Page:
The man coming toward me in the park, maybe 500 yards up the path, was walking a large, mixed-breed black-and-white dog. He (the man, that is) was bearded and graying, nattily dressed in black pants, a red plaid sports shirt and gray sweater.
Just ahead of me, walking in the same direction as I, was a younger man dressed in sweat pants and a jacket and holding the end of a leash attached to a tan Labrador retriever.
Both men were totally absorbed in texting.
It was a slow-motion episode exquisitely orchestrated for a YouTube video, if only I had been quick enough with my cellphone; as it was, I could only watch, fascinated and wordless. They collided at full speed, one cellphone clattering onto the asphalt and one leash dropped. But there were no apparent casualties. The dogs, at least, had sense enough to have steered themselves safely onto the grass where they were sniffing each other with unconcerned abandon. I smiled politely and kept going.
The episode underlined the hazards of texting while walking, which can surely be as dangerous as texting while doing almost anything else. Almost: there are no available statistics on the adverse effects of texting while having sex, which seems popular in some demographics.
Not long ago, New York Times columnist Nick Bilton wrote a piece in which he shared a New Year's resolution to quit texting while walking.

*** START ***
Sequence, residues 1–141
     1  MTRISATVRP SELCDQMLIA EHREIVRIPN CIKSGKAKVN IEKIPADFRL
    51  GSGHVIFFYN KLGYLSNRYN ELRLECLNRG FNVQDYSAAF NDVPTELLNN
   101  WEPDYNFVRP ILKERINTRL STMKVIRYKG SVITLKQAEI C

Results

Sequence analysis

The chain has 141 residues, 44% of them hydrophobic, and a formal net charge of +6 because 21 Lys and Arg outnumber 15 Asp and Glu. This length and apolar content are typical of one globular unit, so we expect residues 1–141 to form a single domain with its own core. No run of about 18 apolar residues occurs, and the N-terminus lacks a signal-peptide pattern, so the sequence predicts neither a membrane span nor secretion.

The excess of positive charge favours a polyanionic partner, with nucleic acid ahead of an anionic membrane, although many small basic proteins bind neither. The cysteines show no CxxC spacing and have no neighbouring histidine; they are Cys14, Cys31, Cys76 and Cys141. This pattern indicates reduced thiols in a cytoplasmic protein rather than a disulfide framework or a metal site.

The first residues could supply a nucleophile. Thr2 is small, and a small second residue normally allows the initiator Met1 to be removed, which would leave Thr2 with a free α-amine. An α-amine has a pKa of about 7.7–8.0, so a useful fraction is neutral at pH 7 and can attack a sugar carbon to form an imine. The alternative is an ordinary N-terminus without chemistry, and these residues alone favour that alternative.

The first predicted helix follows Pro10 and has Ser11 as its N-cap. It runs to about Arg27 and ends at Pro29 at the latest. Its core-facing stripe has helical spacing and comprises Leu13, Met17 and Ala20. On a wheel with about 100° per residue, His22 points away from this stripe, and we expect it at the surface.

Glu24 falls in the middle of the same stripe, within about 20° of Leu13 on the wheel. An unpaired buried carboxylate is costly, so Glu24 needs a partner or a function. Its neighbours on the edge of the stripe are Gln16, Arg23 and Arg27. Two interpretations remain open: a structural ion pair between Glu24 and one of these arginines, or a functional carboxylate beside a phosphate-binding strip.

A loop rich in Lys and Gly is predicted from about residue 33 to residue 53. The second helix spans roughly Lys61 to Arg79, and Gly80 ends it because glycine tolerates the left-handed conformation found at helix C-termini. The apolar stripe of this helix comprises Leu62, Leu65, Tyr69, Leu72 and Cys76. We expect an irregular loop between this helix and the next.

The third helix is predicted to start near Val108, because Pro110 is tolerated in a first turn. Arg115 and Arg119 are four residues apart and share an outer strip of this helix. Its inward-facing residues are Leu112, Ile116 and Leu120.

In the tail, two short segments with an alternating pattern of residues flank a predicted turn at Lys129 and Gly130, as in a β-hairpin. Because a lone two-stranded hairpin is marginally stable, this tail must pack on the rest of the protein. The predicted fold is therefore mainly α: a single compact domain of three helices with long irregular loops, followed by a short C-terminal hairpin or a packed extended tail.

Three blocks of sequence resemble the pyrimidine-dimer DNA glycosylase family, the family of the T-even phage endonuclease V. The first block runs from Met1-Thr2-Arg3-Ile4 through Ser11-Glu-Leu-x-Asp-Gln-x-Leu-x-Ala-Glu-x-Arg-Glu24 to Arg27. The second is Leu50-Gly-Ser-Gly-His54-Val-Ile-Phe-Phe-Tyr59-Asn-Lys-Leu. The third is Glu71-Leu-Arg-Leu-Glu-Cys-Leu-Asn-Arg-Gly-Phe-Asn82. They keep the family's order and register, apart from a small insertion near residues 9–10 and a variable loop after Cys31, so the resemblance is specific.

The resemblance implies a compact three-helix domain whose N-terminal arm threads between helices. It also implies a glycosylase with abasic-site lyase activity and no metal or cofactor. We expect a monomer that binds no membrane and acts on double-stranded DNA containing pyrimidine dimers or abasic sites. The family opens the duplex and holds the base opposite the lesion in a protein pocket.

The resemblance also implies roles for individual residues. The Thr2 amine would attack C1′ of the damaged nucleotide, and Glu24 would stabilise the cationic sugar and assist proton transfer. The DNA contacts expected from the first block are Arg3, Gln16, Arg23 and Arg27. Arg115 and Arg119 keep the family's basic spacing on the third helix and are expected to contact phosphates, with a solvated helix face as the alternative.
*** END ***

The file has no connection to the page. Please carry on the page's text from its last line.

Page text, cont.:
"The realization that I may have a problem (along with a lot of other people)," Bilton wrote, "hit me smack in the face, literally, a few weeks ago when I was strolling through Kennedy International Airport, avoiding obstacles with my peripheral vision as I clambered out a text message. Without any warning (as I couldn't actually see), I was involved in a head-on collision with another man who was also texting while walking."
Most walking-zombie texters do survive, as Bilton did, with only bruised egos or minimal damage, but that's not always the case. An Ohio State University study links "distracted walking" to the dramatic increase in pedestrian injuries and deaths.
Equally dismal, for the future of the planet, is how texting while walking may alter human interaction, whether texters live or die with their devices. One report, an interview with Dietrich Jehle, professor of emergency medicine at the University of Buffalo, suggests an Orwellian solution to texting/walking hazards: a cellphone app that shows the landscape ahead, so that texters can text interminably, and see where they're going without ever looking up.
Is there life beyond a 2 ½ x 5 inch screen?